July 23, 2021
Lyric Family Favorites: July 23
Though not much is known about the life of poet Georg von Dyherrn, his words, along with music by the equally little-known composer Erik Meyer-Helmund, gave the world the memorable “Das Zauberlied” or “The Magic Song” in 1886. It later became a favorite of many of the greatest German-speaking tenors of the 1930s, including such legends of singing as lyric tenor Joseph Schmidt, spinto tenor Richard Tauber, and dramatic tenor Franz Völker. In an excerpt from the Ryan Opera Center gala, Magical Music Around the World, Martin Luther Clark, joined by the rest of the 2020/21 Ryan Opera Center Ensemble, gives a stunning performance of this beautifully romantic song.
Plus, learn more about the origins of Wagner’s Götterdämmerung before the premiere of the Twilight: Gods film later this month, vote for your favorite Verdi chorus, watch Denis Vélez perform "M'ama... non m'ama,” and catch up with composer Missy Mazzoli.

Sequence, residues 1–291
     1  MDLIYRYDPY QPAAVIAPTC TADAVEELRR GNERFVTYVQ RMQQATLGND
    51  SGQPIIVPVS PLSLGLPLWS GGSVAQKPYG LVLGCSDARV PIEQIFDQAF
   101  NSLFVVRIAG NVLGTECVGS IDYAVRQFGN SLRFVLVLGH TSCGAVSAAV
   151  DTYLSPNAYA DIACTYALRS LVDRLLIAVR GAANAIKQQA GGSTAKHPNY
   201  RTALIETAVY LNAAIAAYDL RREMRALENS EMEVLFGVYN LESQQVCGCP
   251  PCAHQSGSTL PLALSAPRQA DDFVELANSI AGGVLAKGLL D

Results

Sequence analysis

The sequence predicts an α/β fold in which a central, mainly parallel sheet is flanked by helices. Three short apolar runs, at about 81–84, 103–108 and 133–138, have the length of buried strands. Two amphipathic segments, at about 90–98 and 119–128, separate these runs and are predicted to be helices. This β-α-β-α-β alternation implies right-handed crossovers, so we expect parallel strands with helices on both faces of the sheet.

Airing out Wagner’s Götterdämmerung
Later this month, audiences all over the world will be able to watch a filmed version of the sold-out Twilight: Gods, which took place in April in Millennium Lakeside Parking Garage. See how the audience environment played such an important role in both the original Götterdämmerung and Twilight: Gods.
Denis Vélez performs "M'ama... non m'ama"
This lively and playful song is unsurprisingly the work of a very young Pietro Mascagni — he was only 21 years old when he wrote this piece. Wondering repeatedly whether he loves her or not, the singer pauses to ask herself, "And if the oracle of love says he doesn't love you? Well, let's try again!"
Missy Mazzoli reflects on three years of “moving the needle” at the CSO
Composer Missy Mazzoli recently completed her residency as Mead composer-in-residence at the Chicago Symphony Orchestra. Hear about her experience as a curator and how COVID-19 changed the way she works.
I speak of love awake, I speak of love in my dreams, to the water, the shadows, the mountains, to the flowers, the grass, the fountains.”